Zhe Ji (INALCO)
JI Zhe is currently a professor of sociology at the Institut national des langues et civilisations orientales-Université Sorbonne Paris Cité in France. He has been the Director of the Centre d’études interdisciplinaires sur le bouddhisme (CEIB) since 2016 and co-head of the Equipe ASIEs since 2017. His main study areas are Buddhism and the relationship between religion and politics in China. His recent publications include Religion, modernité et temporalité : une sociologie du bouddhisme chan contemporain (CNRS Editions, 2016), Making Saints in Modern China (co-edited with David Ownby and Vincent Goossaert, Oxford University Press, 2017). In 2014, he was nominated a junior member of the Institut Universitaire de France.
Robert Sharf (UC Berkeley)
Robert Sharf is D. H. Chen Distinguished Professor of Buddhist Studies in the Department of East Asian Languages and Cultures at the University of California, Berkeley. He received a B.A. in Religious Studies (1979) and an M.A. in Chinese Studies (1981) from the University of Toronto, and a Ph.D. in Buddhist Studies from the University of Michigan (1990). His graduate work included study in Japan; he was a Research Fellow at the Institute for Research into the Humanities (Jinbun Kagaku Kenkyūjo) at Kyoto University, and also conducted fieldwork at Kōfukuji in Nara (1985-87).
Before joining the Berkeley faculty he taught in the Department of Religious Studies at McMaster University (1989-95) and in the Department of Asian Languages and Cultures at the University of Michigan (1995-2003). He works primarily in the area of medieval Chinese Buddhism (especially Chan), but he also dabbles in Japanese Buddhism, Buddhist art, ritual studies, and methodological issues in the study of religion. He is author of Coming to Terms with Chinese Buddhism: A Reading of the Treasure Store Treatise (2002), co-editor of Living Images: Japanese Buddhist Icons in Context (2001), and is currently working on a book tentatively titled “Thinking about Not Thinking: Buddhist Struggles with Mindlessness, Insentience, and Nirvana.”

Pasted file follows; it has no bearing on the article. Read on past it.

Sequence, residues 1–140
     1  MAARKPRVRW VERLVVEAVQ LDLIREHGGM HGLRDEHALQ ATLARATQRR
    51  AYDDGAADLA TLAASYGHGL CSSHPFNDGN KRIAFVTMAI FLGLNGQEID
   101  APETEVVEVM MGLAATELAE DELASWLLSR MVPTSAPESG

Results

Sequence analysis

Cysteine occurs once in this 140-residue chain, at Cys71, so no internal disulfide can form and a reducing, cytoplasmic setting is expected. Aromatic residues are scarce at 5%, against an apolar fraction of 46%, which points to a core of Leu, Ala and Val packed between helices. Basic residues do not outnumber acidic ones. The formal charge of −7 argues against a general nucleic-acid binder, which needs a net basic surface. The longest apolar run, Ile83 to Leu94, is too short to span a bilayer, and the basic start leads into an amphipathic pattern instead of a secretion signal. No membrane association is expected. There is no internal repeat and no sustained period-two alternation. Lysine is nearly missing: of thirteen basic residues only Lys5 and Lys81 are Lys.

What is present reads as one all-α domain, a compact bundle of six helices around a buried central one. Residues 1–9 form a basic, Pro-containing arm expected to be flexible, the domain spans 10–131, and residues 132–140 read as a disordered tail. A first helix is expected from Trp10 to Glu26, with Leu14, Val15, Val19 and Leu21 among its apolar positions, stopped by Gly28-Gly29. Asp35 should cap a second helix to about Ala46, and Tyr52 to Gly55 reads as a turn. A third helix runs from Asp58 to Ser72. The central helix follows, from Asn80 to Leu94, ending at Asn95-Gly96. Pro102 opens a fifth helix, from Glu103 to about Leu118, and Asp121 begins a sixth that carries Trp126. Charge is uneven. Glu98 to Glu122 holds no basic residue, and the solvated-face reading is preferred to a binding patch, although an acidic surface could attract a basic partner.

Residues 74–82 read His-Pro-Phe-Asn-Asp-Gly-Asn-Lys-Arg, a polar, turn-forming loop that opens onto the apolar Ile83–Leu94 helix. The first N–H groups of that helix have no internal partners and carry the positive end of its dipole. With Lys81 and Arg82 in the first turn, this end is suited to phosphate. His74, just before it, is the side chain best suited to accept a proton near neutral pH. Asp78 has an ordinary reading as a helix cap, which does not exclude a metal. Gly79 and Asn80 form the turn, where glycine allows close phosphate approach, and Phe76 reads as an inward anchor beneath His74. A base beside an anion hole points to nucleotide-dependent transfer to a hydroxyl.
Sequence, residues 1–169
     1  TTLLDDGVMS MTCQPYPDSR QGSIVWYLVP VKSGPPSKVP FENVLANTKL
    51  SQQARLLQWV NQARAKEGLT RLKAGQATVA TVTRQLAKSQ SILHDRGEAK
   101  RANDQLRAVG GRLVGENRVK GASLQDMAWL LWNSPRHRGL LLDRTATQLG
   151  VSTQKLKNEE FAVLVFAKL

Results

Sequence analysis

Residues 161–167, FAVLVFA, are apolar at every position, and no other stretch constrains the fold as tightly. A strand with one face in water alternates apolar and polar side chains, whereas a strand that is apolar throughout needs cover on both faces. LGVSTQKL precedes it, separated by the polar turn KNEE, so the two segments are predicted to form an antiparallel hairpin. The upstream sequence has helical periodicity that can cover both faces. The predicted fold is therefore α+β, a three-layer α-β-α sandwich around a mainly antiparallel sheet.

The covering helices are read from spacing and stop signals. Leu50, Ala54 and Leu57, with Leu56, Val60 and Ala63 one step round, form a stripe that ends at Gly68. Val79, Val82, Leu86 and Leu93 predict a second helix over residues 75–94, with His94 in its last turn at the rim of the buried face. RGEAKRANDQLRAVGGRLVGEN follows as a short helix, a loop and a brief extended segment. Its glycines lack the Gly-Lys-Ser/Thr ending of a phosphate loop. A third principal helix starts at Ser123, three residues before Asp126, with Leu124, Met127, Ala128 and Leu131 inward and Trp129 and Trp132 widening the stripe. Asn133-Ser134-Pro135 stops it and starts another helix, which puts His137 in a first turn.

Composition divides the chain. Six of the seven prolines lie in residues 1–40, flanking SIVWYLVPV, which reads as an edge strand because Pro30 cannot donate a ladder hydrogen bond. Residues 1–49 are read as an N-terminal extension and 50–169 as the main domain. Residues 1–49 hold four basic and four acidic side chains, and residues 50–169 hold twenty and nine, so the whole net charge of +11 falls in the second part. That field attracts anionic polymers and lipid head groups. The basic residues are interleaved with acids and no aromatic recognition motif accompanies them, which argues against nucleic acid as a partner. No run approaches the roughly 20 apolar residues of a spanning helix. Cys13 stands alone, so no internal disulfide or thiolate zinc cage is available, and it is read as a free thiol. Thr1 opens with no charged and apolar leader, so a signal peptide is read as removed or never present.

In addition to his appointment in East Asian Languages and Cultures, he is Chair of the Center for Buddhist Studies at UCB. He also serves on the editorial boards of the Journal of the International Association of Buddhist Studies, the Journal for the Study of Chinese Religions, the Journal of Religion in Japan, and the Kuroda Institute Series published in conjunction with University of Hawai’i Press.
Eugene Wang (Harvard)
汪悅進(Eugene Wang)畢業於上海復旦大學，後赴美獲美國哈佛大學藝術史碩士、博士。現為美國哈佛大學藝術史與建築史系洛克菲勒亞洲藝術史專席終身教授 (Abby Aldrich Rockefeller Professor of Asian Art)。是哈佛大學僅有的兩位來自中國大陸的文科華裔終身教授之一。曾經數年為哈佛大學文理學院網頁首頁人物。曾任美國國家美術館高級視覺藝術研究所、蓋蒂基金會等顧問, 美國大學藝術史協會機關刊物Art Bulletin編委會編委。獲美國古根海姆 (Guggenheim) 基金會學術成就獎及美國專業學會 (American Council of Learned Societies) 所頒賴斯康姆獎, 及哈佛大學教學獎。專著《塑造法華經：中國中古佛教視覺文化》(Shaping the Lotus Sutra: Buddhist Visual Culture in Medieval China) (2004) 獲日本岅本日深學術獎。著述內容廣泛, 涉及藝術史從古代到現當代各時期，包括青銅、書畫、雕塑、建築、版刻、攝影，電影等多種媒介。著重研究藝術的時空序列、圖像編碼、及與認知結構的關係。為麥克米蘭出版社《佛教百科全書》藝術類主編。歷年來先後受邀於世界各地講學，如奧地利維也納、瑞士蘇黎世、德國柏林、海德堡、法蘭克福、英國劍橋大學、澳洲悉尼、墨爾本、加拿大多倫多、及日本九州等大學講課。最近創建哈佛文理學院中國藝術實驗室 (Harvard FAS CAMLab – Chinese Art Media Lab)，致力研究開發以新技術和多媒體呈現中國文化與藝術的時空。
Yayu Wang (Hubei Liuzu)
Yayu WANG is the Chairperson of the Directorate for Hubei Liuzu Cultural Transmission Co., Ltd., China. She is the representative for the Liuzu Temple for the Steering Committee.